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  1. #1
    cyclist/gearhead/cycli... moxfyre's Avatar
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    Has anybody used this truing stand which is $30 from Performance? Is it decent? I've never owned one before and am just looking for something better than upside-down-bike.
    Last edited by moxfyre; 11-08-04 at 01:17 PM. Reason: mistake
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  2. #2
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    I've never used that one, but it looks better then the one I've been using for 15yrs (mine is not self-centering and I did pay more than $30 in 198?). I've always planned to up-grade to a Park, but never could spend the money on that. I might have to get this one, it looks like a very good deal. So who has one?

  3. #3
    Junior Member
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    1) Custom CX frame made by Rick Hunter (Santa Cruz, CA) 2) ca. 1993 Cannondale M700 (used for grocery getting) 3) Surly CrossCheck fixed gear for commuting
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    I've got it, and don't have any complaints. I don't give it a huge amount of use: I've trued maybe 10 wheels and built one from scratch, but everything has come out well. The self-centering works well enough that I find no use for my dishing tool (other than double checking the center from time to time).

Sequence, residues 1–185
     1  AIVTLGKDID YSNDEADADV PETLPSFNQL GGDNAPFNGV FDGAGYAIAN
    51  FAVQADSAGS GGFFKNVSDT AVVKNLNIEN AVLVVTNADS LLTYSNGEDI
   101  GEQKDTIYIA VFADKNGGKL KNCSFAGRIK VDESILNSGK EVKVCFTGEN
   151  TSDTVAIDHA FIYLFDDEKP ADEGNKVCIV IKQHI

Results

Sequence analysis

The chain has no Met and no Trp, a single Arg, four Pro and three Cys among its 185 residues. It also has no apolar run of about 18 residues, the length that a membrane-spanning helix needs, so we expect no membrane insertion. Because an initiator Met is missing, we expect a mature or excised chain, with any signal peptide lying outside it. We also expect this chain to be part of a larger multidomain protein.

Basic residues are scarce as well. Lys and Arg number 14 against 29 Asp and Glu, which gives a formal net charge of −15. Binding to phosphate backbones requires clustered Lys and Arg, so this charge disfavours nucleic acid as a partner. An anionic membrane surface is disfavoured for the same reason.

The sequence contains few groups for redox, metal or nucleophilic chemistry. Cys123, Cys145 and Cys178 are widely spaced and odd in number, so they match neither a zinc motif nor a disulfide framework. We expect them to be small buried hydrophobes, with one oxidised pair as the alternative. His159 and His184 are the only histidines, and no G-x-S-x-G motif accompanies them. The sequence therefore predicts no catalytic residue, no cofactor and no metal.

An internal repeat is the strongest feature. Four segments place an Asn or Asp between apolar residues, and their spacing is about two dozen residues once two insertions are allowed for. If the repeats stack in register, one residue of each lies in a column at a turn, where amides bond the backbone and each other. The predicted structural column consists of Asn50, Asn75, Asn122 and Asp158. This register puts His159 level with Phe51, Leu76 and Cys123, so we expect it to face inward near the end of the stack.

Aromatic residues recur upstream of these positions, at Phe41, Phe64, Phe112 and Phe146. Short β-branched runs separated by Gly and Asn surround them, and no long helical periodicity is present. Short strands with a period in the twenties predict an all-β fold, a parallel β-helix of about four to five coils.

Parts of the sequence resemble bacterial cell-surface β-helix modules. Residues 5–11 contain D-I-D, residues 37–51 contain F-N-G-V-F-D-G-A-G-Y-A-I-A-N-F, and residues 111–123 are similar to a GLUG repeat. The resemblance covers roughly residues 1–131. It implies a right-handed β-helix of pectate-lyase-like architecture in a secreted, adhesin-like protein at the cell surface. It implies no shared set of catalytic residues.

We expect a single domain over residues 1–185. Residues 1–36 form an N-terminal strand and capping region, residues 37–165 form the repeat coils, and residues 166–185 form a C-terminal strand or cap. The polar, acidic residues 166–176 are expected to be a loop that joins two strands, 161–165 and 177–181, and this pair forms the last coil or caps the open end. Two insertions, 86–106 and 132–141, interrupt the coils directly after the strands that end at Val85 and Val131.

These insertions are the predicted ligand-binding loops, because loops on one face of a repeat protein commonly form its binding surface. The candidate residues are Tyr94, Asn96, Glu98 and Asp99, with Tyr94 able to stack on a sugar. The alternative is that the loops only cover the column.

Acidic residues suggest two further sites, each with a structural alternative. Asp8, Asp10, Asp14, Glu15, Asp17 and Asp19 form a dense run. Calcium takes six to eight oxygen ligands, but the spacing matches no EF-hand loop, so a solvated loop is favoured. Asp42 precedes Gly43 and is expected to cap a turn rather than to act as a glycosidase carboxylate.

The axle holders are plastic so you should take some care not to clamp your quick release or thread your axle nuts on too tightly, but it really doesn't take a very firm grip to hold well enough for truing/wheel building so this should not be an issue.

    One word of caution, however. Performance also offers a centering tool: it is a T-shaped device that is designed to go into the axle holders and indicate exactly where the center of your centering gauge (on the truing stand itself) should be. This sounded like a great idea to me so I bought it ($10), but I found that the tool wasn't made properly-- it did not indicate the actual center! It is not a perfect T (hard to notice visually), but it is off enough that if you used it to set the centering gauge on the truing stand ou definitely would need to use a dishing tool. I'm still scratching my head wondering how they could sell a tool specifically made for centering with such poor production standards. I haven't been willing to trust Performance since I bought this... that said, I think the truing stand is a great deal.

  4. #4
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    Good thing you got the truing stand before you lost faith! They have a good return policy, you can send back the worthless tool, if it is off center, they should refund even if it has been used. If they are shipping measuring tools that aren't measuring correctly, they probably should be grateful when you tell them. I don't like the plastic where the axle goes. On my truing stand, It is steel, and I don't need to use skewer to keep wheel in place. Are you sure you need to tighten wheel in stand to keep it in place?